•  One incident often told by Dominie De Pree brings to mind that the early day church building and its accommodations were none too good.  No up-to-date architect or expert carpenter had been consulted in the construction of the church and its seats.  The latter were not of the cushioned and easy backed variety, nor were they symmetrically arranged because of the different length of the seats.  None of the seats were fastened to the floor and they were pretty shaky.  One Saturday when the catechism pupils were sitting together in the seats, by some quick turn one of the pupils in the first seat tipped the seat backwards with all of its occupants and over turned the next and the next like a row of dominoes until all the pupils were on the floor and a wild scramble of arms and legs was all the pastor could see.

•  Cold weather brought its problems of making buildings comfortable for those who had often driven many miles through the cold.  A great potbelly stove with the word “Volcano” inscribed across the front door was the medium of heating the church.  One Sunday the stoker added considerable soft coal and slack to the smoldering fire.  All went well until the Dominie was well on the way in the sermon, when the stove exploded, knocking the stovepipe to the floor and flooding the church with soot and smoke.

•  Mondays were always seat repair days to the church custodians of the first church.  The seats were homemade and rickety and nearly every Sunday several were broken or came apart under the load of several occupants.  Nails and hammers were kept in the entry just for this work.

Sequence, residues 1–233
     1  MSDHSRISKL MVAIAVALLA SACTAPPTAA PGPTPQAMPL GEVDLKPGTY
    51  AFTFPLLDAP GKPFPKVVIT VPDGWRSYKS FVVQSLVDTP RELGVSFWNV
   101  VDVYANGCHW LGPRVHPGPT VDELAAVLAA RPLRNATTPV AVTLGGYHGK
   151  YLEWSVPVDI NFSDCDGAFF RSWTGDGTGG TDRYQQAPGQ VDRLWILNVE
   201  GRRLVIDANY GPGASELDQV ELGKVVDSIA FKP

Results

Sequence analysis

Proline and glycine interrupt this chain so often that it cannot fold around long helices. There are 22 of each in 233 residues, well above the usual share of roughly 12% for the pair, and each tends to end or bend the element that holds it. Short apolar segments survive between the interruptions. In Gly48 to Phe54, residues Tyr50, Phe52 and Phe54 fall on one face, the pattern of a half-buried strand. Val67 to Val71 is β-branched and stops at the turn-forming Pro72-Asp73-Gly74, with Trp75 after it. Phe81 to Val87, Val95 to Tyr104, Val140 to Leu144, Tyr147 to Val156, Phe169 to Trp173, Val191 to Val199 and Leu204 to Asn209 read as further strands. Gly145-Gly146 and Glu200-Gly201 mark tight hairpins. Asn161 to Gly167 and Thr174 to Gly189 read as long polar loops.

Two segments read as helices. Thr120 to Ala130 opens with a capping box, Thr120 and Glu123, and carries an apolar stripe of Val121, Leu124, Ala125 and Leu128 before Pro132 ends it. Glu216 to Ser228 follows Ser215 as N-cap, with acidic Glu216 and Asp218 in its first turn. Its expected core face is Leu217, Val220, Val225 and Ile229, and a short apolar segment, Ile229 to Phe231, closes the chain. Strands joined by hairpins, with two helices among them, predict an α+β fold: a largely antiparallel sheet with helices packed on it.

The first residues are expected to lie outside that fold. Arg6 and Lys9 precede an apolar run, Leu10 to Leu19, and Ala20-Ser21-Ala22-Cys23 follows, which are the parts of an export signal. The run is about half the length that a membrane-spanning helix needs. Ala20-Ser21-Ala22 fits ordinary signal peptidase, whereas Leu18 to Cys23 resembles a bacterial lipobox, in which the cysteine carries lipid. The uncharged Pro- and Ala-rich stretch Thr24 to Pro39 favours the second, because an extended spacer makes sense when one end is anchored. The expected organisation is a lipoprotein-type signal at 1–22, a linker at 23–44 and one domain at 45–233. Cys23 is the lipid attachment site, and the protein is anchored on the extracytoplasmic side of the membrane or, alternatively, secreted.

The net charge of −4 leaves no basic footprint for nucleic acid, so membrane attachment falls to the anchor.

•  During the summer time, to make up for a shortage of seats, the members would carry their wagon spring seats into the church, and some would pull the wagon near a window and sit in it during the services.  The boys thought it a fine stunt to move the spring seats back and forth just enough to make a symphony of the squeaks.

•  The old church barn is a thing of the past.  At one time three barns, each accommodating 30 teams, were in the back of the present church building.  When the automobile came into general use they were torn down.


Brief History of Hollanders and Reformed Church in the U.S.

1628 – The Reformed Church in America was organized in New Amsterdam, now New York City.  In 1941 there were 722 churches in the denomination, of which 448 were on the east side and 262 were on the west side of the Mississippi River.

1870 – There were 65 Holland families in Sioux County.  More Dutch was spoken here than any other language.

1877 – The First Reformed Church of West Branch Township was organized with 26 individuals.  More Hollanders were migrating to Sioux County than to any other point in the United States, both from the Netherlands and Pella.

1895 – There were 4,325 foreign born Hollanders in the county, which was more than one half of all the Hollanders in the state.

1900 – There were 12,000 in the county and several churches were established in Sioux County by this time.

1941 – It is estimated that 75 percent of the population in Sioux County is either of Holland birth or of Dutch descent.  Churches continue to organize and the Reformed faith has shown a steady growth throughout the years.